20
FEB
2013

Presentations: The Mystery of the Microphone

presentation-skills-audienceThe main purpose of a microphone (mike) is straightforward – to amplify your voice so that the audience can hear you clearly. But that’s not the only reason for using one. An important reason is to prevent vocal strain. It’s surprising how often people shout into a microphone, when turning up the volume would have a more pleasing effect.

Effective use of a microphone requires some basic knowledge, awareness and experience. Unfortunately, too often these factors are not simultaneously in play when a microphone is in use. I’ve heard speakers, unfamiliar with the use of a mike use it incorrectly thereby detracting from their delivery or simply become flustered with the technology. Microphones are not complicated, but unfamiliarity with their operation can create problems for a presenter and embarrassment for, or harassment of the audience!

Firstly, when do you need one? There are 3 main determining factors – the size of the audience, the size of the room and the strength of your voice. Other factors include the length of your presentation, the room’s acoustics and background noise like air-conditioning. Logically, for an audience of 40 or less people in a small room a microphone may be unnecessary. If this is the case there is no point in using one. The bigger the room, the larger the audience and the longer the presentation the more need there will be for a microphone.

However, not all mike’s are created equal. Although there are some good deals around, price is a reasonable benchmark of quality. The same can be said for amplifiers or public address systems. No matter how good your voice is, it is unlikely to sound like much on a poor sound system. You should also consider the different microphone configurations – hand held (wired and cordless), on a mike stand (limiting your movement) or a headset. For example, a pickup is used to amplify a string instrument from a location very close to the strings. Comedians prefer hand held mike’s because they accommodate vocal variations which are part of a comedy act. Singer-guitarists may prefer a mike on a stand (or a headset) so that they can play the guitar and sing simultaneously. Speakers who use body language and gestures as part of their act like the headset, as it allows freedom of movement and consistently remains the same distance from the mouth. The same would apply to a singer pianist.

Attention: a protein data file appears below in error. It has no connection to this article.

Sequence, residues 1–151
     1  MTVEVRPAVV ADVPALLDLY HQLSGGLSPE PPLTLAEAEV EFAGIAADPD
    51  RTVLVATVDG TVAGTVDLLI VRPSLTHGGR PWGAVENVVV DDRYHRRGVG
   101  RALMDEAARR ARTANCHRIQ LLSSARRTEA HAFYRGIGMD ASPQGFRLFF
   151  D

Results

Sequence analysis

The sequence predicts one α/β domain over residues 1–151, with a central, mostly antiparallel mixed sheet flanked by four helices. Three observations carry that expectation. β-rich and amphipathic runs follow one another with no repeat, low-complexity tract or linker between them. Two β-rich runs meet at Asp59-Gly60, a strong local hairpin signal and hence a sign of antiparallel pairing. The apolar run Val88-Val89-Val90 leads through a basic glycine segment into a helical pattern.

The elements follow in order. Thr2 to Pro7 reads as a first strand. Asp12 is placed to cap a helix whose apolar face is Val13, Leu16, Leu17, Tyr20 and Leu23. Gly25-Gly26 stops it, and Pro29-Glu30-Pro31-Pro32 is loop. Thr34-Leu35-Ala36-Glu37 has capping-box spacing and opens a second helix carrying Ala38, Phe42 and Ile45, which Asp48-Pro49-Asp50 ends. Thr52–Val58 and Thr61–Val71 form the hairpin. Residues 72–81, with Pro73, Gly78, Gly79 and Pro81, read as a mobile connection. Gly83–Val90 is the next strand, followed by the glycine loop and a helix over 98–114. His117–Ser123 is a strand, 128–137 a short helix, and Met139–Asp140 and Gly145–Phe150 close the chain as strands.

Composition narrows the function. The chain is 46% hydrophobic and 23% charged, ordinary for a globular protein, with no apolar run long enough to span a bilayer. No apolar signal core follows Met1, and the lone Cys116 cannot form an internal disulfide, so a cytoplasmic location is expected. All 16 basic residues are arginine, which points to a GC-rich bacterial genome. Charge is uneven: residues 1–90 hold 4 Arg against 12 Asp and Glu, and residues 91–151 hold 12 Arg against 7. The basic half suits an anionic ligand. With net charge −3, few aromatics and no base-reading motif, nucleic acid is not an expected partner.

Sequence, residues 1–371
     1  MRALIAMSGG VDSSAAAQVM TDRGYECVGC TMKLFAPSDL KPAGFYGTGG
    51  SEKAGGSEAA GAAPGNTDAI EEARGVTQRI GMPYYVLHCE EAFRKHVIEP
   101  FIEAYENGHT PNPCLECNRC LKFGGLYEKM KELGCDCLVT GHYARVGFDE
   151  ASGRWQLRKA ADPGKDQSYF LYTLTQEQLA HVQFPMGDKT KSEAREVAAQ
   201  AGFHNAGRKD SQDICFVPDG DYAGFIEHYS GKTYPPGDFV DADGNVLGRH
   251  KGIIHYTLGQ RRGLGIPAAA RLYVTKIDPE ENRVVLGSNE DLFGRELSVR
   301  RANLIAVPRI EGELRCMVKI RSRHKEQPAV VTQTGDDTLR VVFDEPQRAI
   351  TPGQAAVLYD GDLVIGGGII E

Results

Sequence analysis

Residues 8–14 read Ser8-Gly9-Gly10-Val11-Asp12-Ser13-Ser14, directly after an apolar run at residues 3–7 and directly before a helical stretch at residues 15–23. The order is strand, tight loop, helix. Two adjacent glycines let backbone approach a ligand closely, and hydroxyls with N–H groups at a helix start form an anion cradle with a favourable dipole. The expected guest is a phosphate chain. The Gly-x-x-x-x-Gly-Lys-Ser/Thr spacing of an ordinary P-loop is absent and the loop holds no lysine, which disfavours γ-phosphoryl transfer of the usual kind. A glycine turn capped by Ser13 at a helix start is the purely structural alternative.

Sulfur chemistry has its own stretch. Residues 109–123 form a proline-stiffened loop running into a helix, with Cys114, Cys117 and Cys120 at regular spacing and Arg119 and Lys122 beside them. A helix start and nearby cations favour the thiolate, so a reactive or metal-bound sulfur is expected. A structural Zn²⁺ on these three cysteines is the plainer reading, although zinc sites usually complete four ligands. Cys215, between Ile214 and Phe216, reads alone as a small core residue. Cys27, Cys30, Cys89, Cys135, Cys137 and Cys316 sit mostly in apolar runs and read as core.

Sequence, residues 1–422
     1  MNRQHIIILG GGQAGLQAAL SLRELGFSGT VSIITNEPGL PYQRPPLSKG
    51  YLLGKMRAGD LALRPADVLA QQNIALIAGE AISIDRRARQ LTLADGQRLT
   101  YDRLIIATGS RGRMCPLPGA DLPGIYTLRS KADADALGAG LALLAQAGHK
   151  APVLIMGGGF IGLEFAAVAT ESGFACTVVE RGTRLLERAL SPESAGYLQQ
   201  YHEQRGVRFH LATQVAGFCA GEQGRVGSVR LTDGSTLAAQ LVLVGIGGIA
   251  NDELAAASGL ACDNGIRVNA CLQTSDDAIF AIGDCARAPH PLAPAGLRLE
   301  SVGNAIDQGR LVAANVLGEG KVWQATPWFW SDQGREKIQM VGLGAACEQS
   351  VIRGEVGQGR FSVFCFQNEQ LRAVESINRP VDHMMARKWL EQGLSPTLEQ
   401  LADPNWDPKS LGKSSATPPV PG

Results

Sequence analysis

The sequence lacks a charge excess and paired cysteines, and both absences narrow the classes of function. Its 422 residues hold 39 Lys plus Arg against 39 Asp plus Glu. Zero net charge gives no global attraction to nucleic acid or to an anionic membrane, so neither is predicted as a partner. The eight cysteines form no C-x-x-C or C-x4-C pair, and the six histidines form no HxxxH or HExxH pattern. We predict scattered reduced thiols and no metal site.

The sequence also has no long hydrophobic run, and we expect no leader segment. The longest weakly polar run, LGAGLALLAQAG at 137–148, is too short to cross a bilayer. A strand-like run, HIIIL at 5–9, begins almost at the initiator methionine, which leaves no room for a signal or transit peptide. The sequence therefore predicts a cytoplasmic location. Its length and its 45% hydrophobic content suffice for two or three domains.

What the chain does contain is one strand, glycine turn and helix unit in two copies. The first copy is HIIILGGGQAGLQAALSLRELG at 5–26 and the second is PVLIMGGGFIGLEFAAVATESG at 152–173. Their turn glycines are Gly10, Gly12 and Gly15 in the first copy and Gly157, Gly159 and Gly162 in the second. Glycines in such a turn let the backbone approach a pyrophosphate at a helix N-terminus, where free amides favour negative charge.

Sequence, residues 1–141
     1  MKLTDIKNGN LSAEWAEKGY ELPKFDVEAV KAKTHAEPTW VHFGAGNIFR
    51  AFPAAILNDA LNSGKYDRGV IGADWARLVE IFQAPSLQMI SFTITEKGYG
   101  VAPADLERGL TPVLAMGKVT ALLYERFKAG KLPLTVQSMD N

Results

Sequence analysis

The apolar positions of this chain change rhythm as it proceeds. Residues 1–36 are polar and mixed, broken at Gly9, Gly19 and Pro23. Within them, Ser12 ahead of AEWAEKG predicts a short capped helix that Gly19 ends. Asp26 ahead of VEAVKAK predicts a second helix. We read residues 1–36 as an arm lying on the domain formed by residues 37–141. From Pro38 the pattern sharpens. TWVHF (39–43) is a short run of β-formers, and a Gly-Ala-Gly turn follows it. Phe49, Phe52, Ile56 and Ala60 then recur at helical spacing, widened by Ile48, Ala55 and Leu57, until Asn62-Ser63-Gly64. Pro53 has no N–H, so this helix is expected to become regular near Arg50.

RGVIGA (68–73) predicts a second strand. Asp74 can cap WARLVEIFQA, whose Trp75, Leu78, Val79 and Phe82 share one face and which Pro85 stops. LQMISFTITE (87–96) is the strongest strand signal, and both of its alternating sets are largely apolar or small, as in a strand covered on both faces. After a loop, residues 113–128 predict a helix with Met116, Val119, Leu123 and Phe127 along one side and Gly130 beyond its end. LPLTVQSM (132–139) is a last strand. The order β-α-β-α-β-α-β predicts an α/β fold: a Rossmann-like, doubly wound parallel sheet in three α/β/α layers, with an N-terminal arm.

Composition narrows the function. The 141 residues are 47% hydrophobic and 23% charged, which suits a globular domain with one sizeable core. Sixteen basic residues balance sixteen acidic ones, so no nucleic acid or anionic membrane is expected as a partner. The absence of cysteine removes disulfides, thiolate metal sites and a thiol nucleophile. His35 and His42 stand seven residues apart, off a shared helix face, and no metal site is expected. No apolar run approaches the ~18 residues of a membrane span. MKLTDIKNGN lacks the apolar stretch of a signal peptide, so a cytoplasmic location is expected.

But the microphone provided at your event may not suit your presentation style. This possibility begs the question: Should you invest in your own?

I’ve been surprised to find that, in contrast to professional singers, most professional speakers I’ve met do not own a microphone. When one is needed, I almost always have mine with me because then at least I know that the front part of the system is top quality and I know exactly how it works. I use a Countryman headset with a Shure receiver and transmitter. It’s never, ever let me down. You may also invest in a battery tester. Only ever go on stage with fully charged batteries. There are few things more annoying for everyone than a sharp drop in volume due to instant power loss.

Experienced presenters and musicians will never use a microphone without a sound check. This confirms the overall sound, the desired volume settings and the compatibility of the microphone with the amplifier. This requires turning up early. If a receiver is part of the microphone kit, you will want to decide where to wear it so that it remains secure and does not create an embarrassing bulge on your person.

When coughing or clearing your throat, be careful not to do so directly into the mike or you’ll blast your audience clean out of their chairs. Practice speaking in a normal voice during the sound check. It’s not necessary to over project or shout – the mike is there to create amplification for you.

If you perform or speak to audiences regularly, microphones are an essential item in your kit, not optional. Get your own quality mike and learn to use it properly. You’ll look and sound more professional, and you’ll save your voice for the next day. Besides, the peace of mind you’ll have from using your own gear is priceless.

Paul du Toit

Paul du Toit

Managing Director at Congruence Training (Pty) Ltd
A certified Speaking Professional, Paul du Toit is a presentation skills coach, the author of “You Can Present With Confidence” and co-author of “The Exceptional Speaker”. He is a founder member and past president of the Professional Speakers Association of Southern Africa, and an early recipient of their Founders Award for service to the speaking industry. He is the MD of Congruence Training specialising in presentation and speaking skills. See upcoming open workshops London www.pauldutoit.co.uk | Johannesburg www.presentationskills.co.za
Paul du Toit
Paul du Toit
Paul du Toit